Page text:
Nigerian Christians Threatened with Attacks Unless They Close Churches

A Catholic faithful holding a rosary attends a march on the streets of Abuja during a prayer and penance for peace and security in Nigeria in Abuja on March 1, 2020. - The Catholic Bishops of Nigeria gathered faithfuls as well as other Christians and other people to pray for …
Kola Sulaimon/AFP via Getty Images

Presumed Islamic militants sent a letter this week to Nigerian Christian leaders threatening attacks unless all churches in Zamfara state are closed to worship, the Barnabas Fund reported.

A spokesperson for Zamfara police, detective superintendent Mohammed Shehu, confirmed that the letter had been sent.

“Yes, I can confirm that it’s true, a threat letter was sent to the Christians in Zamfara State to stop worship and to close churches,” he said.

The same letter was copied to the Police, Department of State Services (DSS), Nigeria Security and Civil Defence Corps (NSCDC) and other security agencies, all of whom reportedly confirmed receipt of the letter.

Shehu said that police have discussed security measures with the Zamfara branch of the Christian Association of Nigeria (CAN) and that a “special squad” has been formed “to patrol and protect worshipers, especially on Sundays.”

“Additionally, plain-clothes personnel have been deployed for intelligence gathering and to unravel those behind the threat letter,” Shehu said.

State police have instructed Christians to intensify security in all places of worship and Christian centers, while CAN has directed churches not to hold meetings after 5:00pm for the next three months.

“Let’s pray for Christians in northern Nigeria, especially in Zamfara state, as we are issued a three-year ultimatum to close all churches in the state,” requested an unnamed Nigerian church leader.

In the face of the threat, some Christians are reportedly considering leaving Zamfara State for safer areas.

The Barnabas Fund reported that as many as 10,000 Christians have been killed in Nigeria since 2015, mostly in the northern and Middle Belt states, where anti-Christian violence is most frequent and intense.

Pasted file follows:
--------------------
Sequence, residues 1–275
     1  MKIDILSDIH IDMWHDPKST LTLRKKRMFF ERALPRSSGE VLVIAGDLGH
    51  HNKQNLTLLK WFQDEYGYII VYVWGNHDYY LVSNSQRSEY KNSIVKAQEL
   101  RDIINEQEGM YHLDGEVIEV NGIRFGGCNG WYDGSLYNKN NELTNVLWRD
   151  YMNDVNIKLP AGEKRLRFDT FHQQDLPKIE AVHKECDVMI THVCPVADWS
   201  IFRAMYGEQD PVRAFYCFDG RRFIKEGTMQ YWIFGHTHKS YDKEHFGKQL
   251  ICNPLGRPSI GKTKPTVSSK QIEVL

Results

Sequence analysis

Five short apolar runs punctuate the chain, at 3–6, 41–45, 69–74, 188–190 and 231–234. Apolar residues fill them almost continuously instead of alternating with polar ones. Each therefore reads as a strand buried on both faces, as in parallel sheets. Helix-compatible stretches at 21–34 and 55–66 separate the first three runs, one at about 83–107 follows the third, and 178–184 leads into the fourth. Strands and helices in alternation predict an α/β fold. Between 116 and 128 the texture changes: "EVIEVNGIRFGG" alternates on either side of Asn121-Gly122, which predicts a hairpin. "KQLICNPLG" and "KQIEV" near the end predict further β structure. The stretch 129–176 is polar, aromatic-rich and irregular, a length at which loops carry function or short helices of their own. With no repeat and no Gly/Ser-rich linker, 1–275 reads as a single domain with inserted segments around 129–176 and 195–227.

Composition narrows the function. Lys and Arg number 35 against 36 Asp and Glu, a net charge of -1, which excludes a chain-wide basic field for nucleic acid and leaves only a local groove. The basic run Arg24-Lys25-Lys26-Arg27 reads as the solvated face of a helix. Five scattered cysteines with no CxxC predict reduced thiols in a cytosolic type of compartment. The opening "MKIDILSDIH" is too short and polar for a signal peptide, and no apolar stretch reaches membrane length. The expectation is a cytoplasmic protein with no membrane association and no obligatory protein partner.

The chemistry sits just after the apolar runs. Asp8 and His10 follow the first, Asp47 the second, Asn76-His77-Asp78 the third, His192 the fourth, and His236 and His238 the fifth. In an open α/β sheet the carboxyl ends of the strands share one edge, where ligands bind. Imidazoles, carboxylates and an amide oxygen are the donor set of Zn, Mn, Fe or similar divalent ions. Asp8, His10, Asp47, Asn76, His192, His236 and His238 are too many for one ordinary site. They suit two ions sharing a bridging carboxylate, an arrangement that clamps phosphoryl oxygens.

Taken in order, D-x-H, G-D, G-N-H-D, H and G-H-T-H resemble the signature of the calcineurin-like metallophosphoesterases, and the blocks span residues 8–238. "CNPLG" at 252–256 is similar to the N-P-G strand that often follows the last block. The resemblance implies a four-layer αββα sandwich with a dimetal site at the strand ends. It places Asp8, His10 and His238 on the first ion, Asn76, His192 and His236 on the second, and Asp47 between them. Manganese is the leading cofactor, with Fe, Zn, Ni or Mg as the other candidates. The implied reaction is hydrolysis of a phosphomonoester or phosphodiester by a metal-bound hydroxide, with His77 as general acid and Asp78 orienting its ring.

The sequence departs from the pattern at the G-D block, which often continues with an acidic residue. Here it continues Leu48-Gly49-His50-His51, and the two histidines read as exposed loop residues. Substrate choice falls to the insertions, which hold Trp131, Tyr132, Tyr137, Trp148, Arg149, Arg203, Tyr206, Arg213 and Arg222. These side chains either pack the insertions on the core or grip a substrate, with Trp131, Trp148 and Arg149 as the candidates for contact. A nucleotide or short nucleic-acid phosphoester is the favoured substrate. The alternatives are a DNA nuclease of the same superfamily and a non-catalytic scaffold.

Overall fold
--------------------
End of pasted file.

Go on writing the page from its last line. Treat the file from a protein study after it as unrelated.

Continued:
A spokesman for Christian Solidarity Worldwide (CSW) warned last April of a “sustained campaign” of anti-Christian violence in Nigeria, which has only increased in severity in recent years.

Recent attacks on Christians “are the latest in a sustained campaign of violence which has been ongoing in multiple states in central Nigeria for over a decade now,” Ellis Heasley, Public Affairs officer at CSW, said in an interview with Crux, an online Catholic news outlet.

In May, the UK-based Tablet newspaper reported that thousands of Nigerian Christians had been kidnapped and hundreds killed in the first four months of 2021.

The Tablet noted a dangerous “escalation” in targeted violence against Nigeria’s Christian population, in what watchdog groups have called a Christian genocide in the country.

The Nigerian-based Int’l Society for Civil Liberties & Rule of Law (Intersociety), a human rights group, reported in May that Islamic jihadists had slaughtered 1,470 Christians in the first four months of 2021 and abducted over 2,200.

The 1,470 Christian deaths in just four months exceeded the total number of Christians killed in 2019, estimated at 1,350, the report said.

“More Christians are murdered for their faith in Nigeria than in any other country,” declared the World Watch List 2021, published by Open Doors.

Despite the ongoing slaughter of Christians in Nigeria, which shows no signs of abating, the Biden administration decided in mid-November to remove Nigeria from its list of Countries of Particular Concern (CPC).

“This is not only a baffling error, it’s likely in direct violation of the International Religious Freedom Act, the law that requires these designations to be made in the first place,” said David Curry, CEO of Open Doors USA, in reaction to the announcement.

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